There was a time when the term ‘behaviour' related to behaviour management and behaviour management mainly meant getting children to sit still and listen and to behave co-operatively. Many of the approaches and skills generated in that period, such as focusing on target behaviour, using rewards and behaving in an assertive manner, are still staple skills for the classroom teacher and will be dusted down again at the outset of the new school year as teachers seek to establish their authority and build relationships with classes old and new.
However, times have moved on and probably the most important new understanding in this field is the intimate connection between behaviour and learning. Actively engaged children behave well, and children who are taught learning behaviours are able to engage more actively with their learning. As our understanding of the way children learn has developed we have realised that it is teachers who talk too much and that rather than ‘sit still and listen', we want young people to be active and vocal participants in lessons. Outstanding lessons need outstanding learners. Students need to know how to work co-operatively in groups, to assess the effectiveness of lessons and to assist in planning the way lessons are to be taught, and teachers need to show them how to do all this.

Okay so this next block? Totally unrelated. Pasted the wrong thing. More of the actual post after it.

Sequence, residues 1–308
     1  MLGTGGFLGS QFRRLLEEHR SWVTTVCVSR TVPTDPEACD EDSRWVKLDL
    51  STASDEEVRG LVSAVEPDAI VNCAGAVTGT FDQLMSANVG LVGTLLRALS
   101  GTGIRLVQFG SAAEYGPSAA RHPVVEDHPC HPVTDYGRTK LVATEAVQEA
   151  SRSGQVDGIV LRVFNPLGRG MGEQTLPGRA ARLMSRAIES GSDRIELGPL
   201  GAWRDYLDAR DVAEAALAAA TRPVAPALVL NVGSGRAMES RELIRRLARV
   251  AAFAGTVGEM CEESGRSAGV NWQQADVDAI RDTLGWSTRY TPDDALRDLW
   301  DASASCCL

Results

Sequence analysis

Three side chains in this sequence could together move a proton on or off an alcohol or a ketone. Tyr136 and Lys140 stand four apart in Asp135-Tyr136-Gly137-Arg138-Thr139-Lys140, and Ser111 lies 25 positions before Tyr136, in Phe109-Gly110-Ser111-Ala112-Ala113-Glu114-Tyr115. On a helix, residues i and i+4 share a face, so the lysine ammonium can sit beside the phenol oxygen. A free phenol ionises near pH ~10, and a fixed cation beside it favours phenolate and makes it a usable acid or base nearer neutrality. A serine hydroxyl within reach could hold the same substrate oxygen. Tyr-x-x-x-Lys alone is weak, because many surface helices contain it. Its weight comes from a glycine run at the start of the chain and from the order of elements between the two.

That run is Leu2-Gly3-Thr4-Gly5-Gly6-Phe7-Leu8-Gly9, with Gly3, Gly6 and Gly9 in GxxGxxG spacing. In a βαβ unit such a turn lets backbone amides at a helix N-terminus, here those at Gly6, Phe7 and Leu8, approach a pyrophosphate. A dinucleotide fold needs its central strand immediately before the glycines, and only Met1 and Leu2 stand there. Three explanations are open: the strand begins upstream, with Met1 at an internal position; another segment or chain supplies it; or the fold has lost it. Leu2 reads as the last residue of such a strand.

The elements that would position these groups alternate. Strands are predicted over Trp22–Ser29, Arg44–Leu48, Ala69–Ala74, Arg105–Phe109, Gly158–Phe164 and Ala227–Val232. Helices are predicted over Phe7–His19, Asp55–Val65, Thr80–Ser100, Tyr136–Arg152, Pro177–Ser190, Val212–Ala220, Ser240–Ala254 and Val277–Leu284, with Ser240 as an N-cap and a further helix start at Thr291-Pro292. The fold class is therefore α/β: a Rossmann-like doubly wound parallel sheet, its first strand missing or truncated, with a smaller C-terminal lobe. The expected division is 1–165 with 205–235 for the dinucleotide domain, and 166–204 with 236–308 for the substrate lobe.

The full editorial is available in the journal
In this issue
Using art with vulnerable children
STEVI CUMMING, JOHN VISSER
The inclusion of pupils perceived as having social and emotional behavioural difficulties in mainstream schools: a focus upon learning
The effect of light intensity and noise on the classroom behaviour of pupils with Asperger syndrome
BERNHARD MENZINGER, ROBIN JACKSON
How effective is parental prosecution as a method of improving school attendance among primary-aged children?
Darren: a case study in school-college liaison
The role of National Strategy Behaviour and Attendance consultants with regard to training and professional development in special educational needs
The nature of teacher authority and teacher expertise
JULIAN G. ELLIOTT
Article Id : 16114
Date Posted: 10/12/2009